She's working for you – kind of. Image: Shutterstock

Thursday 3rd March 2016

The girl in the attic

Soon, the best people in your organisation won’t actually be in your organisation, warns Steve Rockey

As all good ‘People’ professionals do, I’ve recently joined an external development programme. And what an eye opener it’s been so far.

The thing that struck me most was a discussion around the make-up of business in the future. The traditional model of corporate management is, it seems, just not going to be around.

The brightest minds aren’t our minds. (Sorry.) No, the brightest ones are the minds yet to come. And in a world that’s more reliant on technology by the day, businesses are going to struggle unless they adjust to how those minds like to do business.

I’ve got a two-year old. When I look at how au fait he is with technology – finding nursery rhymes on YouTube, or stories on the CBeebies app – it freaks me out. I remember buying my first mobile phone, which was massive and had an aerial. By the time my son gets his first workplace communication device, who knows what form it’ll take?

Increasingly, the best and brightest minds won’t sit comfortably in corporate management structures. More and more statistics show that entrepreneurialism comes from millennials or people sat at home. People who have finished university/college/school; people who have an idea and aren’t afraid to run with it to see where it goes. Or some pre-pubescent teen sitting in his bedroom coding applications we haven’t even thought about yet, let alone know we need.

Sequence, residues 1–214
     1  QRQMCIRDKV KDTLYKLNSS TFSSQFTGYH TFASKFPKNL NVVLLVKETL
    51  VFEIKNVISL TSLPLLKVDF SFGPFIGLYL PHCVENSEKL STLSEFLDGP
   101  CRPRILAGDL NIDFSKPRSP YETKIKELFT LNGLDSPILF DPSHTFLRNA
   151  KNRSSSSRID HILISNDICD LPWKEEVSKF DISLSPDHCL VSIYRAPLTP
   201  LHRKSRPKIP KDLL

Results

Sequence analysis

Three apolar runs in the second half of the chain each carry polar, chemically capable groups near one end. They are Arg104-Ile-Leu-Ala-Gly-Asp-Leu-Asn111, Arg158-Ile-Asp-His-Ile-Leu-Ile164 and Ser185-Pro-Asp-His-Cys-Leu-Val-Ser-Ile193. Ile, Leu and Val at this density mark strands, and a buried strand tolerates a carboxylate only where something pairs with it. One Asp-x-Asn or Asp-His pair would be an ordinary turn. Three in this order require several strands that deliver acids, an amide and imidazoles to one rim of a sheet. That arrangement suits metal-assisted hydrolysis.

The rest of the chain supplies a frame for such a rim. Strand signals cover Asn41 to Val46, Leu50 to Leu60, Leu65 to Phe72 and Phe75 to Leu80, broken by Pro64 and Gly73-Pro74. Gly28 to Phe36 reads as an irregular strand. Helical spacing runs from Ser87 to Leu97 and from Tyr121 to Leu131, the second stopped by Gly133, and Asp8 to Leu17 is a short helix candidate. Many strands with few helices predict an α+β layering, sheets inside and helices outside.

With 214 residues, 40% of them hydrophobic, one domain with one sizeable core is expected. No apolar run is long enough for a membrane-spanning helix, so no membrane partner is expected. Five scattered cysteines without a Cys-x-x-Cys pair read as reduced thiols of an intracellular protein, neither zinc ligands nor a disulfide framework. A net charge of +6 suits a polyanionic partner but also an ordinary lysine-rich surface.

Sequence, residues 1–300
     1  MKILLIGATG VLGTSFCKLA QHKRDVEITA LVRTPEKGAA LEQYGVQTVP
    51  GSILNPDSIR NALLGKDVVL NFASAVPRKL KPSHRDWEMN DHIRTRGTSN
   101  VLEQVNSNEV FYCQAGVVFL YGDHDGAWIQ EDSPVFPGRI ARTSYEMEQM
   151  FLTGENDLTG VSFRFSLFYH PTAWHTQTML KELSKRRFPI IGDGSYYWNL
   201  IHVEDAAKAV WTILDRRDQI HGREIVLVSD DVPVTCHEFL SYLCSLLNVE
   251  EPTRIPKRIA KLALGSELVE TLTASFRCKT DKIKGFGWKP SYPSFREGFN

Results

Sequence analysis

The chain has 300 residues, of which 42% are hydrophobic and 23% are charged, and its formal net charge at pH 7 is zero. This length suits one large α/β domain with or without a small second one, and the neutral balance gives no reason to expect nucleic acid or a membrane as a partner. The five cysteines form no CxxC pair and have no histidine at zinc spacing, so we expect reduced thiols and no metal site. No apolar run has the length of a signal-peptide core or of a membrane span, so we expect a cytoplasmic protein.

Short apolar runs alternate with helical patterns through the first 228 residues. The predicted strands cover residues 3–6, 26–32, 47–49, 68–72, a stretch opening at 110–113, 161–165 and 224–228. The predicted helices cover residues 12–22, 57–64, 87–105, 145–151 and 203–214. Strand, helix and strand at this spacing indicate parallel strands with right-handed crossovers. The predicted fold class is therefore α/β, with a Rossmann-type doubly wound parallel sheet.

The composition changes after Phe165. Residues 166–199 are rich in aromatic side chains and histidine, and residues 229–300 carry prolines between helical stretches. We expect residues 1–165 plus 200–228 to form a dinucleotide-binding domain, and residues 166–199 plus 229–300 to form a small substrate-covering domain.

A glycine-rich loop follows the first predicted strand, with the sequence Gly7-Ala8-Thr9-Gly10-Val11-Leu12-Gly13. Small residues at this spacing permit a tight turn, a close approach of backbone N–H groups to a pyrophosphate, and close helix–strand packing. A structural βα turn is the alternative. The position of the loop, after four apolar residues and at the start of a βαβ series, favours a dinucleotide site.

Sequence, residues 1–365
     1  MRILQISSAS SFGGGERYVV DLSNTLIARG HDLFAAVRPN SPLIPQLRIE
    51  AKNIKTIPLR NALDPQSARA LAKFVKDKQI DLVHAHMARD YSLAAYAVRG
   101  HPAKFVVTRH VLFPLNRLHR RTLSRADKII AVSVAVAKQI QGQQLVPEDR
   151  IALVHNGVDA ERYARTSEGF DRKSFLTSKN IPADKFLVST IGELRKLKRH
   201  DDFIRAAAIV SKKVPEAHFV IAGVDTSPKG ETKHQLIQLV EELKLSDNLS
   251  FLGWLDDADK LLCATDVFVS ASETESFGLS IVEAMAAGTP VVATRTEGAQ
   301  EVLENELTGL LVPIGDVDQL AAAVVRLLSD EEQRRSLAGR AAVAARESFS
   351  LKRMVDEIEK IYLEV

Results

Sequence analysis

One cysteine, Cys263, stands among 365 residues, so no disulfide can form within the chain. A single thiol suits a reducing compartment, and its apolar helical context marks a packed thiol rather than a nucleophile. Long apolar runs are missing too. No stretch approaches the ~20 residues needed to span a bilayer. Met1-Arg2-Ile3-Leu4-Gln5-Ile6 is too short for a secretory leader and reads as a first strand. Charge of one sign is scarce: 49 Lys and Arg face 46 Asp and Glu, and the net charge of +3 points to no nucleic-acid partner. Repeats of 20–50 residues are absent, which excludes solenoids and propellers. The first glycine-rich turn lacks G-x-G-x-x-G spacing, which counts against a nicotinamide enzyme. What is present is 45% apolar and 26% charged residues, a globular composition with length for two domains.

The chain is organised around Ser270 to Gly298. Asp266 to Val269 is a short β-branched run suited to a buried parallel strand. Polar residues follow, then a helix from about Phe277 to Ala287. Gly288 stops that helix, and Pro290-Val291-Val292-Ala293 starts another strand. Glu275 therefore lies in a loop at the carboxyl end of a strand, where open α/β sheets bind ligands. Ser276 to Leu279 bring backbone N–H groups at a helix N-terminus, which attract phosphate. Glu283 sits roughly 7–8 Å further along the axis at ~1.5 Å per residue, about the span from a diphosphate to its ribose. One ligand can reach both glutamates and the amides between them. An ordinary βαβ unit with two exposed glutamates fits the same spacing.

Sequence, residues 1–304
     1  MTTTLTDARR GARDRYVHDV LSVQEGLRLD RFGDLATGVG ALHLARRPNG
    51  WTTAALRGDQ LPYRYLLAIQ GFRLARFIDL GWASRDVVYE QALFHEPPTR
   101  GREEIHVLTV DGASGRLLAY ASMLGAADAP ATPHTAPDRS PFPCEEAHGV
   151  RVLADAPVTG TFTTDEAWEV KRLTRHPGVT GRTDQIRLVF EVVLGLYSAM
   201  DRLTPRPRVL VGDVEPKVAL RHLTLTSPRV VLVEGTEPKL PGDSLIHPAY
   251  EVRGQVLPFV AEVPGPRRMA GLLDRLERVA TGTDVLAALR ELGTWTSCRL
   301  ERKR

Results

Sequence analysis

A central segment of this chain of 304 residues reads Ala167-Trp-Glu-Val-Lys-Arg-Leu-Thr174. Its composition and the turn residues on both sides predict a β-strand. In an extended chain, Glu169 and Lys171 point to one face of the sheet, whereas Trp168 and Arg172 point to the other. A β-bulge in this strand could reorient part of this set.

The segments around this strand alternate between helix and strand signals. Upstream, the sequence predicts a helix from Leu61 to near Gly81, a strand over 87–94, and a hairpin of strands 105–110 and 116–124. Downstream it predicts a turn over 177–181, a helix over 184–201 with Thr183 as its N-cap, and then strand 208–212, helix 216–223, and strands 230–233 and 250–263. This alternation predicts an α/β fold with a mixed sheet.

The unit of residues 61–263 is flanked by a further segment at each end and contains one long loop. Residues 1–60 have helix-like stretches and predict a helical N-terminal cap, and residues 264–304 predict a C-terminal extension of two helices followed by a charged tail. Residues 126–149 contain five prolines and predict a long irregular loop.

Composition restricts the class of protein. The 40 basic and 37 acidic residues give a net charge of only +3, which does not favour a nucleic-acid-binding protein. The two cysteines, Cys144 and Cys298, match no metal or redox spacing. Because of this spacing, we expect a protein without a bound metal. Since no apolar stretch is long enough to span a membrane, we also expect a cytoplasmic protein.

And so the large business talent vacuum has begun and small companies are gaining the ascendency.

When big business people have an idea, but don’t have the people to deliver it, they’ll have to go to a girl in an attic somewhere and ask for her help. Let’s call that girl Bex. The conversation will go something like this:

You: Hey, Bex. We’ve had a great, cutting-edge idea but we’ve got no clue how to deliver it. Fancy helping us out?

Bex: Totes. But let’s chat online, as phones are so old school.

Time passes and the project comes to an impressive close.

You: Hey, Bex, you were awesome. Amazing results. Want to join my team?

Bex: Hell, no. I’ve got my own thing going on. Have five people working with me around the world. Why would I want to work for a big bank anyway?

A fundamental shift is upon us. Big business needs to think about how it’s going to create structures to allow these interlopers in and out without upsetting the apple cart.

But how great must it be to be a newcomer to the working world right now. Knowing your skills – natural to you, because you’ve learnt them from birth – are needed so much that you can do what you want, when you want and, most importantly, how you want.

About the author

Steve Rockey

Steve Rockey is Head of People for Big Easy, the definitive Bar.B.Q and Lobstershack. You can follow Steve via @stephenrockey1 or connect with him on LinkedIn